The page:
Conversely, given a monoid M, we can turn M into a one-object category by taking a proxy object x with no particular meaning, setting \mathrm{Hom}(x,x)=M and defining the composition via the monoid operation. These constructions are inverse to each other, such that monoids correspond to one-object categories.
A particular frequently occuring and much beloved class of monoids consists of groups, i.e. monoids in which every element is invertible. By a pleasant convergence of terminology, an element in a monoid being invertible (in the classical sense) is the same as being an invertible morphism if we consider the monoid as a one-object category. Thus we can say that a monoid is a group if and only if every morphism is an isomorphism. This leads to the following notion:

Groupoids

Definition C1.8 A groupoid is a category such that every morphism is an isomorphism.

If we think of groups as encoding the symmetries of one object, then groupoids can capture the symmetries of a configuration with many objects.

Example C1.9 Let R be a preorder on a set X, then we can form a category from these data as described in example C1.8. One can ask when one obtains groupoid in this way. It turns out that the corresponding category is a groupoid if and only if R is symmetric, i.e. an equivalence relation.

Remark From this observation we can extract an intuition for general groupoids: a groupoid is like a set with an equivalence relation, except that two objects can be equivalent in more than one way and we’re keeping track of different ways of being equivalent. From this viewpoint a group, being a one-object groupoid, is like the various ways a particular object is equivalent to itself, following the narrative that groups encode the symmetries of an object.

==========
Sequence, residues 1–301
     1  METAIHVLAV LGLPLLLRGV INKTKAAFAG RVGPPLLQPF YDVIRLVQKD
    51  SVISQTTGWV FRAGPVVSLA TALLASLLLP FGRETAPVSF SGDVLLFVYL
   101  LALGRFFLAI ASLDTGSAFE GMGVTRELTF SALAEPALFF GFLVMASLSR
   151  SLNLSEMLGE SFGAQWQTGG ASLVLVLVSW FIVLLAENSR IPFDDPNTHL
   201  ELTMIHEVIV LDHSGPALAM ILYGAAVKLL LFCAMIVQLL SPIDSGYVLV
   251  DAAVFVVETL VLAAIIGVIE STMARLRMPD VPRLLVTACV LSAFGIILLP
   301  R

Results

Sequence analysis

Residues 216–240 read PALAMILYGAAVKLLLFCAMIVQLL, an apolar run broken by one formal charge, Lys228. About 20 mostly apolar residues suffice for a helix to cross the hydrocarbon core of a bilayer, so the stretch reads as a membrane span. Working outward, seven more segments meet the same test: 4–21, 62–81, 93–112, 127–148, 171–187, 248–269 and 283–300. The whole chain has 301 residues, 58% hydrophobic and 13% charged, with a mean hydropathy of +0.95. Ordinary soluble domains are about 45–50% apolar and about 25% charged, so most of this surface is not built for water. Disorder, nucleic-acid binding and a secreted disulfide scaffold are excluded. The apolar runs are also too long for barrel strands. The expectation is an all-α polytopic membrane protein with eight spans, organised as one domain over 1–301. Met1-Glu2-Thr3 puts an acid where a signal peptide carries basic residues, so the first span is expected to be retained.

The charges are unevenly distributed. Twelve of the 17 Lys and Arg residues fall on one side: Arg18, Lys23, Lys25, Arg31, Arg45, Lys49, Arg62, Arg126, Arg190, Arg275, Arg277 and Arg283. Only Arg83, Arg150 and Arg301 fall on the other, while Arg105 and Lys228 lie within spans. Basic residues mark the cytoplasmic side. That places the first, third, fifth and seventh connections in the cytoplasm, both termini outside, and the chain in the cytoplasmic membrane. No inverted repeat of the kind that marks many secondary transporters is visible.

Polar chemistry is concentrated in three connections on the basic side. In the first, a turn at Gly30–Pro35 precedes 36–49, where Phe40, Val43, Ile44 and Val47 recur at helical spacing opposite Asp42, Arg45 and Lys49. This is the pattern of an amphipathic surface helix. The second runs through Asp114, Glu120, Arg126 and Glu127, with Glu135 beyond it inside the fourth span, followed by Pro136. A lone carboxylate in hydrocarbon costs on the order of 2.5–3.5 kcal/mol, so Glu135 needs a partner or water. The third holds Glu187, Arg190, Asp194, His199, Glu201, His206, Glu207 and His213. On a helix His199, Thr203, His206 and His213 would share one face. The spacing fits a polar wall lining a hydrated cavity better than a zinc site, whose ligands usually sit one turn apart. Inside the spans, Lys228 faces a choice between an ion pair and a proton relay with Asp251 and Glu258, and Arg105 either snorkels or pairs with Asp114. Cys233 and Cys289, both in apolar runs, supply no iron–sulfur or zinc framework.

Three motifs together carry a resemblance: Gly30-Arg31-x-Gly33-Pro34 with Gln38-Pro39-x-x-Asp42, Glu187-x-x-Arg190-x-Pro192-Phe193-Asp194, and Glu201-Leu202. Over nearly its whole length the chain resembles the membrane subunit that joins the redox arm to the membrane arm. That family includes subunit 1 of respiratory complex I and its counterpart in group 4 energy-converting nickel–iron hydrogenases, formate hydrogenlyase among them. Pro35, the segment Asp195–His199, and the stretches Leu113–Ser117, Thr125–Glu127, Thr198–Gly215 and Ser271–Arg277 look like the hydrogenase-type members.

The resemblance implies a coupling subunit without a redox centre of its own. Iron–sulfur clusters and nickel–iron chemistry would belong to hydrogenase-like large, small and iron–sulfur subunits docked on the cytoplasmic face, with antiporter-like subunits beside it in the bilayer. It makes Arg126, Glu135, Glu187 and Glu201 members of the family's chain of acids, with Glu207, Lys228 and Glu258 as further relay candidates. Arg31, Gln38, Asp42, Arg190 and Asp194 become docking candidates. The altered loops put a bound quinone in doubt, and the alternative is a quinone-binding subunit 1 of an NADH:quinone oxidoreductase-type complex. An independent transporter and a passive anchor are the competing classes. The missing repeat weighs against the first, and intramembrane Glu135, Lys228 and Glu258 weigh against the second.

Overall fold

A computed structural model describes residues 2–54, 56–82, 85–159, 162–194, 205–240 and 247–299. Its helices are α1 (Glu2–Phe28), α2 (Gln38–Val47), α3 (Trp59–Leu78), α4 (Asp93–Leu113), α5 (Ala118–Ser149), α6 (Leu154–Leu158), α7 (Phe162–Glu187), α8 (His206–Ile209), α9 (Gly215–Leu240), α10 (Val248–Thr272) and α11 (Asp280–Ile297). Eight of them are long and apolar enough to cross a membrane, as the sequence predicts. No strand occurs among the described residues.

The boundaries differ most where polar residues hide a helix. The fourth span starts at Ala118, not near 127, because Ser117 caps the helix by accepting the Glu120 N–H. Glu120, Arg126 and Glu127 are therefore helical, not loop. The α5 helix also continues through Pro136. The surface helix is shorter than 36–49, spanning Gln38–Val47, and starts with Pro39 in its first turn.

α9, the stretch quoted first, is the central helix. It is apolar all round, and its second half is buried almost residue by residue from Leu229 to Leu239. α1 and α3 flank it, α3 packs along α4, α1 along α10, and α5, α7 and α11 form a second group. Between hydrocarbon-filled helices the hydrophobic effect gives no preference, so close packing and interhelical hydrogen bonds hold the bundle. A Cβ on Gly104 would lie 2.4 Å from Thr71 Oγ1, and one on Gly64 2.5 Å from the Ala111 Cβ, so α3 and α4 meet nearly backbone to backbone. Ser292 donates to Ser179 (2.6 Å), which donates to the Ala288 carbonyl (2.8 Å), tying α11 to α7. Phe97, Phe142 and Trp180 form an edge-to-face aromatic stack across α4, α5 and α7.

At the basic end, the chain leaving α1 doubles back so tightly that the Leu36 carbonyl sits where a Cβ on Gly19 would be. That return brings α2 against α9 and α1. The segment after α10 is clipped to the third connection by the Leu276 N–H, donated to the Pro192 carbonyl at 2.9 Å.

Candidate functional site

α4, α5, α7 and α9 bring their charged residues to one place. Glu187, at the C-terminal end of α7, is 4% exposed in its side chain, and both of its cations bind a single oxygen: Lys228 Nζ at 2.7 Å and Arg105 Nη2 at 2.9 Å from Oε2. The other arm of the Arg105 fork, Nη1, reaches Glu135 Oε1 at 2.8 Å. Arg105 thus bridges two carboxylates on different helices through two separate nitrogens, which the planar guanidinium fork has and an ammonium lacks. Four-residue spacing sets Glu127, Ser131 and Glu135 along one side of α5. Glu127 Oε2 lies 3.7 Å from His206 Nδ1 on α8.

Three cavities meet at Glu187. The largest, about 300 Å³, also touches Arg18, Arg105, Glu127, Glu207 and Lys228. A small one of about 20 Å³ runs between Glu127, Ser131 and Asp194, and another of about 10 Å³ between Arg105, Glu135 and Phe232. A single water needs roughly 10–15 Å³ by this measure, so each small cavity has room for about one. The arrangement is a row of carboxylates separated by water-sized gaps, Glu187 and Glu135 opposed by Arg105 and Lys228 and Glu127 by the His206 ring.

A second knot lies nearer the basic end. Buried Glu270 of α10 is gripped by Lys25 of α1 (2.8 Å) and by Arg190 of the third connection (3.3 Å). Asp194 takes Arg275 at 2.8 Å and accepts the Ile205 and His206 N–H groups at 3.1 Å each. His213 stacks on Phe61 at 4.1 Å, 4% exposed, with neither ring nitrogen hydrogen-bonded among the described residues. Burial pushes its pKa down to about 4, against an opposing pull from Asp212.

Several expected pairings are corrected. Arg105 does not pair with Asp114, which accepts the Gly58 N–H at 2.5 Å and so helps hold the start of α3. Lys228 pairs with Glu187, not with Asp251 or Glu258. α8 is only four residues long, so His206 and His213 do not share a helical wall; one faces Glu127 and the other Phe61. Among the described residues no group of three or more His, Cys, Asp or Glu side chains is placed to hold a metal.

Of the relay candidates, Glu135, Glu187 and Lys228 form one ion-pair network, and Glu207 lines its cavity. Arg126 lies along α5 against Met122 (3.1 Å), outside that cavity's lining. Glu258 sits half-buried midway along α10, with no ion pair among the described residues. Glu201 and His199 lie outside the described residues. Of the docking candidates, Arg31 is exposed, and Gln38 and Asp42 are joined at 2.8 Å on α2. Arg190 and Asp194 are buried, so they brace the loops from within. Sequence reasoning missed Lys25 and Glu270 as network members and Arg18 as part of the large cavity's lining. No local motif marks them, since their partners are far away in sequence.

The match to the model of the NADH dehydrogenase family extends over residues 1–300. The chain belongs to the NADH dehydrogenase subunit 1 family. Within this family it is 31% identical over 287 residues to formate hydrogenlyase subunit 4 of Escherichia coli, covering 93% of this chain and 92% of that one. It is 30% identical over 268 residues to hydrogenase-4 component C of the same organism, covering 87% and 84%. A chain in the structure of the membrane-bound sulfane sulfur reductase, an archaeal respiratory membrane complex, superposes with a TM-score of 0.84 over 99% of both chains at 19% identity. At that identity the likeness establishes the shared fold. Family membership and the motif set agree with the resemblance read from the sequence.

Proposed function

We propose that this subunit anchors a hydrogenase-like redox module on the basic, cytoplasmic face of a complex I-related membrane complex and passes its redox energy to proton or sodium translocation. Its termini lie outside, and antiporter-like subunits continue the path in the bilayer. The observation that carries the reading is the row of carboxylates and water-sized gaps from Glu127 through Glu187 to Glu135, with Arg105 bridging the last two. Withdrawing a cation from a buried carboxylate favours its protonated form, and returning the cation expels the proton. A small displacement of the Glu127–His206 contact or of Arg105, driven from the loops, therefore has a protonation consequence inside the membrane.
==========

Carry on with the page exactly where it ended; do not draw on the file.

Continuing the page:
Example C1.10 Let G be a group acting on a set X, then one can form a groupoid encoding the group action as follows: Let X // G be the category having elements from X as its objects and for every x \in X and g \in G, there’s a morphism x \to gx, such that \mathrm{Hom}_{X // G}(x,y) is in bijection with \{g \in G:gx=y\}. This groupoid played an important role in a previous post.

Example C1.11 Let \mathcal C be any category. Then there is a maximal subcategory that is a groupoid: simply take the subcategory of \mathcal C with the same objects as \mathcal C and all the isomorphisms of \mathcal C as morphisms. This is called the core of the category \mathcal C and it is a groupoid. If \mathcal C has only one object, i.e. is a monoid, then the core of \mathcal C is just the group of invertible elements, also known as units.
As an exercise, one can check that the categories \mathbf{Set} and \mathbf{Rel} (cf. C1.2 and C1.3) have the same core, i.e. any invertible relation is already a function and in fact a bijection.

Example C1.12 Let X be a topological space. Then the fundamental groupoid \Pi_1(X) has as its objects all elements of X. For x,y \in X, \mathrm{Hom}_{\Pi_{\leq 1}(X)}(x,y) consists of all homotopy classes of paths from x to y. Composition is given by concatenation of paths. \Pi_{\leq 1}(X) contains important homotopy-theoretic information about X, such as the path-components and the fundamental group of each path-component. For more information on this very geometric construction and groupoids in algebraic topology, I heartily recommend Ronald Brown’s “Topology and Groupoids”.

 

This concludes the first part of the mini-series on introductory categories. Next time we’ll look into functors.